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Four things Toronto’s tech employers should keep an eye on this year

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Over the past decade, Toronto’s tech industry has been driving change and solving problems. 

The booming tech sector was part of the reason Toronto had the lowest office vacancy rate in North America before the pandemic took hold last year. 

Even with our current elevated office vacancy, the city is a robust, diverse hub for the innovation economy, stoked largely by the local fintech, software development and consulting industries — and a variety of other tech businesses. As we peer deeper into 2021, the entrepreneurship, flexibility and natural innovative spirt of Toronto’s tech community will guide our market as we navigate continued uncertainties and discover new opportunities. 

The past year has led companies in the tech sector to question what they will need to thrive in 2021 and beyond; there will be — and should be — some re-evaluations of things like productivity, culture and office space rightsizing. 

Here are four things in Toronto’s tech space that we should be keeping an eye on this year. 

Creative deal-making will be a must

It's important to develop new strategies for landlords and tenants to move forward together in deals that promote flexibility and mutual success.  

The sublease market is growing, which means that there will be plenty of room for creative deal-making. Landlords and brokers will need to find new ways to lease tech spaces. That means landlords should start putting shorter or more variable lease options on the table to attract and keep fresh, new occupiers with bright ideas and ambitious business plans. Young tech companies will have more choice in the market, but will still be cautious as they navigate the uncertainty of market conditions. 

No one has a crystal ball, but it’s clear that companies of all sizes are looking to make smart and nimble decisions with regards to all facets of their business – not just real estate.

From a tenant perspective, those who are open to shorter or more creative leases and subleases will have increased access to larger, “better” spaces in desirable locations than were previously available before the pandemic. That said, subleases come with a unique set of challenges and things to pay attention to — but that’s a topic for another day.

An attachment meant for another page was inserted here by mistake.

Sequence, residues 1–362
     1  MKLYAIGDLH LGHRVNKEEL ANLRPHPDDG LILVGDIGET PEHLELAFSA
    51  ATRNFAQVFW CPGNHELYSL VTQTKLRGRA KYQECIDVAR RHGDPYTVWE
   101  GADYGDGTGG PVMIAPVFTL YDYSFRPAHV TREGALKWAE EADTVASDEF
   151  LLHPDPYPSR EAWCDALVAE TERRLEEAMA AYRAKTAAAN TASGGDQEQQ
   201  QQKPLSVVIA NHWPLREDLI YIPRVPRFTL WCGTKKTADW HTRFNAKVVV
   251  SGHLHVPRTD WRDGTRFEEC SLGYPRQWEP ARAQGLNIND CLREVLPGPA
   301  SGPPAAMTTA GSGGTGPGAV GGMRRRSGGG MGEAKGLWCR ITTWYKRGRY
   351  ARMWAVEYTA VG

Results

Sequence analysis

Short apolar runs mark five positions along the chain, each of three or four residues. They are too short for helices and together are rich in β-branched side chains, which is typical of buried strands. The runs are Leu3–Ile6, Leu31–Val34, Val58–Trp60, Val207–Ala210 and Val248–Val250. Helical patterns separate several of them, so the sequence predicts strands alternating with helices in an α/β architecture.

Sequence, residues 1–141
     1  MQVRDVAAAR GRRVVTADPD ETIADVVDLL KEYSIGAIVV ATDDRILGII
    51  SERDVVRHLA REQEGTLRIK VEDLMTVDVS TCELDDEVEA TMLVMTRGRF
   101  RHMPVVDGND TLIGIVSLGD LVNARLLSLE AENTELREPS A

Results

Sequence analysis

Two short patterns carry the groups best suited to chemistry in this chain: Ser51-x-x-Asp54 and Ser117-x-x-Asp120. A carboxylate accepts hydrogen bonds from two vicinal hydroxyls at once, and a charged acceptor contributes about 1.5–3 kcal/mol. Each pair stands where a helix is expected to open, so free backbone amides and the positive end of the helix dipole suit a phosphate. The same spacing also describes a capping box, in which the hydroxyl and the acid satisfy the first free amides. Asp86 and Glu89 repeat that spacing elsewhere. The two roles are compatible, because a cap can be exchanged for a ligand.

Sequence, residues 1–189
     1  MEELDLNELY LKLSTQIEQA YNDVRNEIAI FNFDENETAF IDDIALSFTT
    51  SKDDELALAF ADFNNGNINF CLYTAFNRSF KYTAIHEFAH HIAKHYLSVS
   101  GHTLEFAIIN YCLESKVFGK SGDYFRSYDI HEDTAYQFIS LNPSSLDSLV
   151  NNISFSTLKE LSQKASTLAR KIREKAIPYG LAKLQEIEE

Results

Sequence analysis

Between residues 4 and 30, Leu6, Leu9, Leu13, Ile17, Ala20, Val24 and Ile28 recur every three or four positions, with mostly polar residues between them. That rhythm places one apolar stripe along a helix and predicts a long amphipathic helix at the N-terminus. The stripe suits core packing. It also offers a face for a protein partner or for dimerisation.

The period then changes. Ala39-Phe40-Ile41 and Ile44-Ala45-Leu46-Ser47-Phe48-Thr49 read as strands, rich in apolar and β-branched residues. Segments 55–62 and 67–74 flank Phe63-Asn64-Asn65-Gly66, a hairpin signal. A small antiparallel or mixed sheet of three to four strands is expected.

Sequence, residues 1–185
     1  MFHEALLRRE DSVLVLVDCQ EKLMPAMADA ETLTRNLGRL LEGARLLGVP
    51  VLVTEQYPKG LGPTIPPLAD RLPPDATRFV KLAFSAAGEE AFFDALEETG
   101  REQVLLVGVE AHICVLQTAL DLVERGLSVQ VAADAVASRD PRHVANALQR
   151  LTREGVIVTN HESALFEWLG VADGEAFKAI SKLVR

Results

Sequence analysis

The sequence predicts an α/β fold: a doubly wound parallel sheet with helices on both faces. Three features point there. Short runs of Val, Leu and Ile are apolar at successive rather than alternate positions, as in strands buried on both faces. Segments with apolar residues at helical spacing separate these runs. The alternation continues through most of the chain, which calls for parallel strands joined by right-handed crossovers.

The evolving workplace will lead to shifts in spending

Tech culture in 2021 will continue to evolve as companies seek ways to establish their ideal balance for remote and office work. There seems to be a rising consensus that many Canadian companies will adopt a hybrid work culture, wherein working hours are split between home and the office — especially in tech. 

It’s important for tech leaders to find ways to successfully manage hybrid working, and balance employee satisfaction with productivity. Doing so will help shape a strong culture to attract and retain top talent. 

For some companies, landing at an ideal remote and office work balance could result in changes to how they spend money and invest in their business. For example, some groups could decrease their fixed real estate costs and expenditures on things like furniture and renovations, which would free up money to invest in tech and tools that boost collaboration and efficiency within their new work model.

There will be more emphasis on wellness

It’s no secret that everyone was focused on health pre-pandemic, and this will surely continue once the pandemic is over. We can expect a renewed emphasis on wellness to translate into new initiatives from employers in the tech work environment. 

Employees need to feel comfortable at work, and companies must protect not only physical health but also mental health. Moving forward, cleaning and disinfecting protocols are non-negotiable additions to any workspace. However, we will also see increased amenities and health facilities in office buildings, and tenants will be taking this into account. 

Landlords will have to ensure that they have a competitive advantage when it comes to making tenants feel safe and healthy. We can look to some landlords who are already leading in this aspect, including Oxford Properties, which has launched Level — an exclusive wellness club at the Richmond-Adelaide Centre.

New opportunities will emerge as the pandemic fades

2021 will be the year of new opportunities. As we keep an eye on Canada’s so-far sluggish vaccine rollout, the federal government continues to emphasize that every Canadian who wants to be vaccinated, will be vaccinated by the end of the year. 

This directive could set up the economy for a big rebound as the pandemic fades, presenting opportunities for energetic and strategic entrepreneurs to break into Toronto’s tech scene. This also sets the stage for today’s leaders in Toronto’s tech sector to position themselves well to benefit from the emergence of new business opportunities, commercial partners and an expanded talent pool. 


For More Information, Please Contact:

Scott Conly

Vice President I Sales Representative

Toronto Downtown

Following a succesful stint at Xerox, Scott joined Colliers in 2009 and has developed a strong knowledge base of the Greater Toronto Area office markets. Specializing in office leasing with a focus on tenant representation, Scott's forte is to assist clients in the renewal and relocation of their office space. Scott's personable approach and his attentive desire to deliver upon clients' hot buttons fosters an unparalleled agent-client relationship.​ 

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